Footway widths:

While we recognise (and welcome) a number of footway widenings, there appear to remain several footways which fall below the ‘absolute minimum’ standard specified in the Street Design Guidance, and one where the an extremely busy pavement is actually being significantly narrowed, from 3.9m to 2.5m (Home St west). This is not acceptable in a flagship walking and cycling scheme, and it is unlikely that there will be any other opportunity in the next 10 or 20 years to rectify this inadequate legacy. Meeting minimum standards in such a densely-populated and diverse area should be an absolutely fundamental requirement of the scheme. Streets which we think will still fall short of these standards are:

  • Lochrin Place (west)
  • Lochrin Terrace
  • Ponton Street
  • Home Street (western side, between Lochrin Place and Gilmore Place)
  • Home Street (eastern side, by loading bay near Tarvit St junction)
  • Gilmore Place
  • Tarvit Street (east)
  • Drumdryan Street (whole length)
  • Valleyfield Street.

Pavement clutter:

We assume that a full de-cluttering exercise will be carried out on all streets included within the scheme. There are many signage poles which are no longer needed, inappropriately-sited cycle racks (Home Street at Lochrin Place (N) and a redundant parking display (Ponton St). We query the need for considerable sections of guardrail, for example on Lochrin Terrace (where the guardrails have quite recently been renewed).

Pedestrian/cycling conflict:

We generally oppose shared pedestrian/cyclist areas (as do Spokes) owing to the potential conflict and especially the intimidating effect this can have on vulnerable pedestrians such as older people and those with visual impairments. However, long-established shared spaces are at both ends of this project (ie in the Meadows and on the Union Capital) and we consider the proposals are generally reasonable. Detailed design, including signage and any speed-reducing measures should take into account the risk of conflict however at key locations including the Lochrin Place/Home St junction and at both ends of Tarvit Street. Signs and road markings should require cyclists to ‘Stop’ – rather than ‘Give Way’ where the cycle way crosses a footway / continuous footway.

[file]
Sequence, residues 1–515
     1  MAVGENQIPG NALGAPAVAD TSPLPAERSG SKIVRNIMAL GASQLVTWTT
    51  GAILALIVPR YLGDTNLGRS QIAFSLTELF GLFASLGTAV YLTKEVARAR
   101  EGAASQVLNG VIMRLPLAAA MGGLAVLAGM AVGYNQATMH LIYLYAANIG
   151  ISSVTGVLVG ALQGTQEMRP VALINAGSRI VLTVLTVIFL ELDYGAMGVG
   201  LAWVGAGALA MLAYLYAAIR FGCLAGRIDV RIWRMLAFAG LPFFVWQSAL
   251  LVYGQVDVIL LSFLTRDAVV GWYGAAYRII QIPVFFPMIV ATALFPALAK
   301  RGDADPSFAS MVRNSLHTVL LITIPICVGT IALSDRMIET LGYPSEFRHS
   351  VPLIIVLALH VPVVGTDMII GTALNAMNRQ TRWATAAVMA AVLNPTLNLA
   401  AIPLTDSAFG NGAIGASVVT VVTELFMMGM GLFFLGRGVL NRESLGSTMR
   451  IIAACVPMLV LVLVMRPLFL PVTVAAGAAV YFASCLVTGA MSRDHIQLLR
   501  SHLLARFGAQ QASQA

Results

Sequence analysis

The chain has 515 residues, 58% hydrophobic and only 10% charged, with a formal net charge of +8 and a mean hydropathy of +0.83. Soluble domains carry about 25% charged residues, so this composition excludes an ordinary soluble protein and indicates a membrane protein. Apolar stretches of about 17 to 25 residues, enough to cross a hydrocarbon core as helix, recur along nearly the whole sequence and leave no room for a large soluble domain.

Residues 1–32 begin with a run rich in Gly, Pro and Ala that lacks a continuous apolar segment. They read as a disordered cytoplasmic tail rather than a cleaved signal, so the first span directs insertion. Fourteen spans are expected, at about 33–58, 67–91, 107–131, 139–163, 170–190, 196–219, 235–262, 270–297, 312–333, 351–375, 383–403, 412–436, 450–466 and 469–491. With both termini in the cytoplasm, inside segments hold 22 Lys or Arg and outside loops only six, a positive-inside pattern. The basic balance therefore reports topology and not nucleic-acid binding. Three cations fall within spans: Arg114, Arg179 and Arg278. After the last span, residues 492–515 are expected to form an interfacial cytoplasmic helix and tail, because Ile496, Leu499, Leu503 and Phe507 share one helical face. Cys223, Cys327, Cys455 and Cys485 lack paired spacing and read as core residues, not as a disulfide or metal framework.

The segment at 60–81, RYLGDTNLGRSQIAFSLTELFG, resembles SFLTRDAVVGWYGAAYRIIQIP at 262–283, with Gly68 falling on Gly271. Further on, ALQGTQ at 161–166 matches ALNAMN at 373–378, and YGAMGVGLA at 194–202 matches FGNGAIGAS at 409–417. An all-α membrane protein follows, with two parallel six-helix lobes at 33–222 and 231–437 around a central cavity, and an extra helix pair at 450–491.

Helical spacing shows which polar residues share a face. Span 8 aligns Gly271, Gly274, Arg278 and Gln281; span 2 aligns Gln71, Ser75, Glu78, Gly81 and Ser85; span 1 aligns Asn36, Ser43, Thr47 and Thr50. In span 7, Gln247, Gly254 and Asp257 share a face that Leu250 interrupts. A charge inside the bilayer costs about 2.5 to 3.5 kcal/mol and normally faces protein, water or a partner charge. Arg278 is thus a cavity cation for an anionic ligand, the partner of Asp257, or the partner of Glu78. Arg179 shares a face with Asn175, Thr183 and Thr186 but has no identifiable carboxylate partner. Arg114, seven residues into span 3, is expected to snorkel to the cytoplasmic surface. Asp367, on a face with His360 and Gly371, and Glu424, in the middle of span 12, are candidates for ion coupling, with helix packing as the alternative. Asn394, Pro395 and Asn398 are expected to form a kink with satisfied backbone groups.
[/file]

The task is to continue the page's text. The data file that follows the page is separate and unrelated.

C. Location-specific observations

These observations (broadly from west to east) relate to specific changes which we would like to see to the initial design; in general, we are therefore happy with the proposals except where stated above or below.

West Tollcross:

  • There are two incorrectly-installed tactile pavings on the south side of W Tollcross, and a continuous pavement should be installed between these to the vehicle access point.

Ponton Street:

  • We would like to see footways significantly widened on this street. The western pavement outside Tollcross PS is only 2.15m wide, and is further constrained by guardrails. We would therefore like to see the traffic lanes reduced from 3 to 2 which would enable significant widening of both pavements. The large bus stop on the east side of Ponton Street which is used for the layover of East Coast Buses should be moved (possibly just to Lochrin Terrace) to facilitate this.
  • At the northern end of Ponton Street, there is currently no ‘green man’ facility whatsoever to  allow people to walk across Fountainbridge, an inexplicable omission at a busy junction adjacent to a primary school. The signals here should therefore be replaced as part of the lane reduction measures proposed above, to include a signalled crossing of Fountainbridge on both sides of Ponton Street.

Lochrin Terrace:

  • Lochrin Terrace has a lot of wasted space and we welcome the extended footway with loading area on the south side (a suitable location for seats). At its western end (before the W Tollcross/fire station junction), the road should be narrowed to reduce the distance for pedestrians to cross the road (there is only a single lane on traffic heading into Lochrin Terrace, so there is no need for the carriageway to be so wide).